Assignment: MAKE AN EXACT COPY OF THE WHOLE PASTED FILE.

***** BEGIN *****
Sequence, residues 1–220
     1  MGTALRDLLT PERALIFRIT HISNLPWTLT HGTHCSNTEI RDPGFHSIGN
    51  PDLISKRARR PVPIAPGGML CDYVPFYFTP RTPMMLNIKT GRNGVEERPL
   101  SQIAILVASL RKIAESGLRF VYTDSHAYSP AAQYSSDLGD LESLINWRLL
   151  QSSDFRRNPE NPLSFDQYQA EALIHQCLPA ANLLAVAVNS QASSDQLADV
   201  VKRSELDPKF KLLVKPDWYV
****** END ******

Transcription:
Sequence, residues 1–220
     1  MGTALRDLLT PERALIFRIT HISNLPWTLT HGTHCSNTEI RDPGFHSIGN
    51  PDLISKRARR PVPIAPGGML CDYVPFYFTP RTPMMLNIKT GRNGVEERPL
   101  SQIAILVASL RKIAESGLRF VYTDSHAYSP AAQYSSDLGD LESLINWRLL
   151  QSSDFRRNPE NPLSFDQYQA EALIHQCLPA ANLLAVAVNS QASSDQLADV
   201  VKRSELDPKF KLLVKPDWYV